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Serena Kwan appealed the dismissal of her second amended complaint for failing to state a claim upon which relief can be granted. In 2014, Kwan, On Behalf of Herself and All Others Similarly Situated, filed a class action against Defendants-Appellees, SanMedica International, LLC (“SanMedica”), and Sierra Research Group, LLC (“Sierra”), alleging violations of California’s Unfair Competition Law (“UCL”) and California’s Consumers Legal Remedies Act (“CLRA”). The complaint was based on an allegation that the defendants falsely represented that their product, SeroVital, provided a 682% mean increase in Human Growth Hormone (“HGH”) levels, that it was clinically tested, and that “peak growth hormone levels” were associated with “youthful skin integrity, lean musculature, elevated energy production, [and] adipose tissue distribution." The Ninth Circuit concluded the district court correctly concluded that California law did not provide for a private cause of action to enforce the substantiation requirements of California’s unfair competition and consumer protection laws. Further, the district court did not err in concluding that Kwan’s second amended complaint failed to allege facts that would support a finding that SanMedica International’s claims regarding its product, SeroVital, were actually false. Accordingly, the Court affirmed dismissal. View "Kwan v. Sanmedica Int'l" on Justia Law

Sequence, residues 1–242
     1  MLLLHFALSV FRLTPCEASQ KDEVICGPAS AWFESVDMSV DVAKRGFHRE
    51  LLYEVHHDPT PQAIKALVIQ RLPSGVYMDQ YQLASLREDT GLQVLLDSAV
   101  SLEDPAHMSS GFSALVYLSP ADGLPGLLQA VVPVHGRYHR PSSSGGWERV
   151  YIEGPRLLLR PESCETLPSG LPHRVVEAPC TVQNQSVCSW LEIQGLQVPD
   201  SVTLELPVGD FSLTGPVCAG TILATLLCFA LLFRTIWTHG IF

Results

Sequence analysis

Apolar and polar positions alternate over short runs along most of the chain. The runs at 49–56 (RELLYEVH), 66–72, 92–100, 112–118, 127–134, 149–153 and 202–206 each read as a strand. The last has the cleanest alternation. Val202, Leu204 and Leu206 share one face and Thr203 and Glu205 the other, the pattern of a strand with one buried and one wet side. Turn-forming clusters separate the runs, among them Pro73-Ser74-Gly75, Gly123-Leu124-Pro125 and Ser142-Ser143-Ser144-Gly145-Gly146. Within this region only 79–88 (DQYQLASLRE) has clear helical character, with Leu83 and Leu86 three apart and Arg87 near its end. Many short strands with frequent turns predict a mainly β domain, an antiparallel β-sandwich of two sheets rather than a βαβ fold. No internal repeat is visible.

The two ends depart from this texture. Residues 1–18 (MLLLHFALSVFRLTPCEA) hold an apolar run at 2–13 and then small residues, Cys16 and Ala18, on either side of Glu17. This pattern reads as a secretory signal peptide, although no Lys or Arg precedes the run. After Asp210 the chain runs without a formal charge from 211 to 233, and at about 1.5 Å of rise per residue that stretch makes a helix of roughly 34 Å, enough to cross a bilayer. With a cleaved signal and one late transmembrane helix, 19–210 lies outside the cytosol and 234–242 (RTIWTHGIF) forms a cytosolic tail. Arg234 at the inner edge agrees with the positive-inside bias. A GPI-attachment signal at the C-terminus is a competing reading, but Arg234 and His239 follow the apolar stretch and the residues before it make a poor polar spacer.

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Cordis invoked the Class Action Fairness Act's (CAFA), 28 U.S.C. 1332(d)(11)(B)(i), provision as the basis for removing to federal court eight products liability suits filed against it in California state court. Although the parties mostly agree that the jurisdictional requirements for removal under CAFA's mass action provision are met, they dispute whether plaintiffs' claims have been "proposed to be tried jointly." The district court held that plaintiffs' consolidation motion did not propose a joint trial of their claims, and remanded to state court. The court granted Cordis' petition for permission to appeal that ruling under 28 U.S.C. 1453(c). The court concluded that plaintiffs' request for consolidation for the purposes of pretrial proceedings, standing alone, does not trigger removal jurisdiction under CAFA's mass action provision. The court further explained that plaintiffs also requested consolidation for purposes of establishing a bellwether-trial process, but nothing they said indicated that they were referring to a bellwether trial whose results would have preclusive effect on the plaintiffs in the other cases. Therefore, the district court correctly held that removal jurisdiction does not exist under CAFA's mass action provision, and it properly remanded the cases to state court. Accordingly, the court affirmed the judgment. View "Dunson v. Cordis Corp." on Justia Law